These places are inspirited and there are spirits: huge boggarts who once stretched gurgling through mosslands grey and whiskery; undines clasping their last waters; newly planted woodlands arising into forms of consciousness with inherent knowledge of tree, bird and mycelia of mushrooms to the tread of deer.

Inevitably pathways lead abroad. It is necessary to trace local brooks to the river’s crashing heart, find its trickling source and greet rolling tides with the sea at its shining estuary. To meet its Great Goddess who washes her hair by moonlight and stretches watery arms throughout the watershed.

To travel ancient woodlands of oak men, snow-topped mountains of icy blasting and cities of tower blocks, steeples and malls which guard a heritage locked in catacombs and glassy vaults. Every facet of woe and joy, awe and strife, adds to the alchemy of our own sun.

***

In rain or mist, at twilight to the touch of thunder, it is possible to step from known to unknown pathways. Wandering lost in a storm-cloud of emotion I have often found myself on unfamiliar tracks with strange figures, no longer myself. Sometimes it is those dusky shadows who beckon me, footsteps leading into the wildwood’s tangled heart.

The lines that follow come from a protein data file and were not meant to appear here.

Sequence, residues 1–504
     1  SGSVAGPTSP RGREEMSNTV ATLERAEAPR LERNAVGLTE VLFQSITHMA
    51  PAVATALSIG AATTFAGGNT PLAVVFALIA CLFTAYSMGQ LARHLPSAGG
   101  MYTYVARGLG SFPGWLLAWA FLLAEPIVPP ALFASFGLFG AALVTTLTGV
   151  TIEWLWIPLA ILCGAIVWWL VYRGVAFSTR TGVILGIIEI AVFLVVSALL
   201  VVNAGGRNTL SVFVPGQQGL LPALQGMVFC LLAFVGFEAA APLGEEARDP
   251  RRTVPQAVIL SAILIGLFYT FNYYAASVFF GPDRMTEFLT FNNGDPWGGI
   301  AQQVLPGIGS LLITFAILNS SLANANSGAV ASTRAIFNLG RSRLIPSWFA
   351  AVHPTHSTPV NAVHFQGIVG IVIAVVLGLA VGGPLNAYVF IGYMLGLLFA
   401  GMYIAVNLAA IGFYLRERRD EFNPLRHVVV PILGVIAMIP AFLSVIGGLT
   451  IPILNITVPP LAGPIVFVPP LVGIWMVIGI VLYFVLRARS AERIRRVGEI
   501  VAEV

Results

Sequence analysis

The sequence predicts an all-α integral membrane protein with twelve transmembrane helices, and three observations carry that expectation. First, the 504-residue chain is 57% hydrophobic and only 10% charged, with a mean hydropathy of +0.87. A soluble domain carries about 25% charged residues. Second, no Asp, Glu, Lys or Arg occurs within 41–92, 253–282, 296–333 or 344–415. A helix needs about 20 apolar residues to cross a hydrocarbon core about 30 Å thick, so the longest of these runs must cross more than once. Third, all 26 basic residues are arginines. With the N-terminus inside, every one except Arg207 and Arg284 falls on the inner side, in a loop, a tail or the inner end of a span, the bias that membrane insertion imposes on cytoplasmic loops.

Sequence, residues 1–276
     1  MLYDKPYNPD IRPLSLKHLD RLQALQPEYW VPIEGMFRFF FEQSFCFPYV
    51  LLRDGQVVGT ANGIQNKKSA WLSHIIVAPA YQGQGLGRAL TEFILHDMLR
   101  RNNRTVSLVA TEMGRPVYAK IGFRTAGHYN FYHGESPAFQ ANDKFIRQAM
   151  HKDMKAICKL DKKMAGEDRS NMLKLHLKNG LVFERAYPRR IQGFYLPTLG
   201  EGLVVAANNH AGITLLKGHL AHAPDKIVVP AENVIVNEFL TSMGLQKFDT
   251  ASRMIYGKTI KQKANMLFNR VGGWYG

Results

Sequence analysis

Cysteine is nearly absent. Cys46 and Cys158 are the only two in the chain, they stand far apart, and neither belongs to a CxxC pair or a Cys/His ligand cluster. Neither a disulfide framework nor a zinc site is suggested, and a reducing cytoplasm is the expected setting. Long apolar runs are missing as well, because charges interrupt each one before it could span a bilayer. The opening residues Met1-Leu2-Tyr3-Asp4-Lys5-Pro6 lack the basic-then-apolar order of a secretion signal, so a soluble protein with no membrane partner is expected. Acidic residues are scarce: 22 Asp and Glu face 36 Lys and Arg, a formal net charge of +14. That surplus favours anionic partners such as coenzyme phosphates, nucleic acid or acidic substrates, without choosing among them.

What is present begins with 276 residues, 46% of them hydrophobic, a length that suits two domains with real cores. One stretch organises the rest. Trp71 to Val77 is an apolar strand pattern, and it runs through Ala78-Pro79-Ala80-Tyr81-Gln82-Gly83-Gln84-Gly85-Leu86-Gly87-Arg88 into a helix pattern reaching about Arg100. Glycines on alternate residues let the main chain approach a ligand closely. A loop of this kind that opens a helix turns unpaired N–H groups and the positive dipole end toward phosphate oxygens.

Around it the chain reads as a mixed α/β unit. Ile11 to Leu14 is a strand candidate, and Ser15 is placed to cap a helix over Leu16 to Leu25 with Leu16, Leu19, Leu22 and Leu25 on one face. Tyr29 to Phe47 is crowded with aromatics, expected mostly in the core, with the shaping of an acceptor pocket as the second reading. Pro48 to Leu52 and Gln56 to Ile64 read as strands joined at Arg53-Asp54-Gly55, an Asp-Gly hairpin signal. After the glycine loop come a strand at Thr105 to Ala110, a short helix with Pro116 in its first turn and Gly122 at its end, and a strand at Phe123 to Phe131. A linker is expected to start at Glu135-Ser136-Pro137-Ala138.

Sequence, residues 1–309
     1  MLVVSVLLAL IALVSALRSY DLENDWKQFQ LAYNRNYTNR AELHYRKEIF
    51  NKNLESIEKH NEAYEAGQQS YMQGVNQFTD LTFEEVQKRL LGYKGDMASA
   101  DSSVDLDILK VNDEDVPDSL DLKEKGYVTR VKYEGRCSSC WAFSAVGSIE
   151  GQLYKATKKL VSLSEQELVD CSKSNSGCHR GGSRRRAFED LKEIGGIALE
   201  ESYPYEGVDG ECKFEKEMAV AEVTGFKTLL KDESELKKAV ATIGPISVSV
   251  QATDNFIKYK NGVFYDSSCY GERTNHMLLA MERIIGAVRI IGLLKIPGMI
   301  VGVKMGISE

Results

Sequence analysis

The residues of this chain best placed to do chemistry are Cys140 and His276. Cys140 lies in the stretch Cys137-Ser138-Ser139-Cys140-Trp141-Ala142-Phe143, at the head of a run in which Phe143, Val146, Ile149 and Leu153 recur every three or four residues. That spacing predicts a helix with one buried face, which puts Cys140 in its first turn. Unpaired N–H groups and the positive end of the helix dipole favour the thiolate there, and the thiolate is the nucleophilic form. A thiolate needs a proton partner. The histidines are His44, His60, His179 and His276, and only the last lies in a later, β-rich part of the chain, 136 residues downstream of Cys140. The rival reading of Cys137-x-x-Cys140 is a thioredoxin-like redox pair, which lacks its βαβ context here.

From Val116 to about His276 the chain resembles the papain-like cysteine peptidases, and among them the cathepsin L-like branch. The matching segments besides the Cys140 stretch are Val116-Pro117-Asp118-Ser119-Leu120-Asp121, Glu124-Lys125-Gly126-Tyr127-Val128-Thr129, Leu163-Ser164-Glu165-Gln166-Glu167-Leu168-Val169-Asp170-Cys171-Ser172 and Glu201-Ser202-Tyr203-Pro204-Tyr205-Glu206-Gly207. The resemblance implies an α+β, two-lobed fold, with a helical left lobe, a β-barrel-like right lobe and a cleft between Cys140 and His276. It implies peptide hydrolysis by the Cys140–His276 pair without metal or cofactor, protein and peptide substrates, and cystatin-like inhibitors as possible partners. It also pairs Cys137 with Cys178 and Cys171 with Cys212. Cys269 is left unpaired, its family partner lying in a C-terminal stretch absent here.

In the wildwood all the fay lights are lit by stars. They dance and glimmer, throwing bright shapes and longer shadows across paths which intertwine like roots. These paths have their own lives, untwining and uprooting to walk their own way through the wood. Where the fay strew their lanterns on the ground one might find the Star-Strewn pathway.

There is a long tradition of caves and holes leading to the underworld. Their entryways are utter darkness. Timeless. Illimitable as despair. They lead into a womb of tunnels, the edge of an abyss, to where that age-old creatrix Old Mother Universe gives birth to stars. From thence the Star-Strewn Pathway unfurls through underground heavens.